“In the past, we would spend about two days each week packing the coffee into bags, and then unpack it when it came back to us – it adds up,” Kelly says in an article for Greenbiz.
Eliminating this task also allows staff members to focus on more important tasks.
Help customers keep their coffee fresh
It’s easy to think that once your coffee has left the roastery, waste is no longer a problem. However, if your coffee pouches are susceptible to splitting or fail to preserve the freshness of your roasted coffee, the consumer may decide to throw away the whole bag.
To avoid this, roasters should choose packaging that will survive the journey to the end-consumer and protect their coffee from exposure to external factors long after it has left the roastery.
Flat bottomed pouches are effective as they allow the coffee to be stored upright on a kitchen counter or in a cupboard without falling over. You can also layer your packaging material with different materials, such as foil or PLA laminate, for added protection from heat, light, and moisture.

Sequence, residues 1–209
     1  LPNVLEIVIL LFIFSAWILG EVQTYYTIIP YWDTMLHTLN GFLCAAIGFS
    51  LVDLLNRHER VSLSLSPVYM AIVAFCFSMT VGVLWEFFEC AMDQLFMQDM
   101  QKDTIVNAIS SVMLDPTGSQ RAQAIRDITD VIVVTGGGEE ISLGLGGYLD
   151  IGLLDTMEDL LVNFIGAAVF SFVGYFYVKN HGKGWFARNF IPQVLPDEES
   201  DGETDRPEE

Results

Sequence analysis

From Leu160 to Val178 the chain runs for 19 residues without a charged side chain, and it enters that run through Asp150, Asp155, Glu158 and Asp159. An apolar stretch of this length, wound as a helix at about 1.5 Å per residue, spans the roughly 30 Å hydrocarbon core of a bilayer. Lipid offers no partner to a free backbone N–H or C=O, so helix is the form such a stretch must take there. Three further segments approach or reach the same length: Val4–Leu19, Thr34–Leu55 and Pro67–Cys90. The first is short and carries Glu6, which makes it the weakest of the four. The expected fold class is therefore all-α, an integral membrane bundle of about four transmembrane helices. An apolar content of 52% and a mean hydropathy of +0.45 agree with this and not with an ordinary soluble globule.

Furthermore, you should ensure that the pouch is as convenient and user-friendly as possible. Choosing packaging that’s easy to open and close with a resealable zipper or tie is recommended, while a pouring spout can be a useful addition to larger bags. Degassing valves can also be included to prevent the bag from bursting when carbon dioxide is released from the coffee. This way, oxygen stays out and the coffee keeps fresh, while allowing the consumer to brew the coffee at their leisure.
“If you optimise your coffee packaging for longevity and make sure it’s also visually attractive, customers will want to keep it in its original packaging. If it’s in a sturdy pouch, this can prevent spillage occurring at home, too,” Laura points out.
While roasters are unable to control coffee waste at every stage of the supply chain, they have a responsibility to minimise waste in their roasteries wherever they can. Whether reducing the amount of green beans in storage, investing in packaging equipment, or providing reliable coffee bags for customers, there are always areas for improvement.
At MTPak Coffee, we offer sustainable multilayer coffee packaging that will help keep your coffee fresh and limit the risk of spillage. From stand-up pouches to flat bottom pouches, our range of sturdy, versatile, and durable coffee bags can be fully customised to include user-friendly components.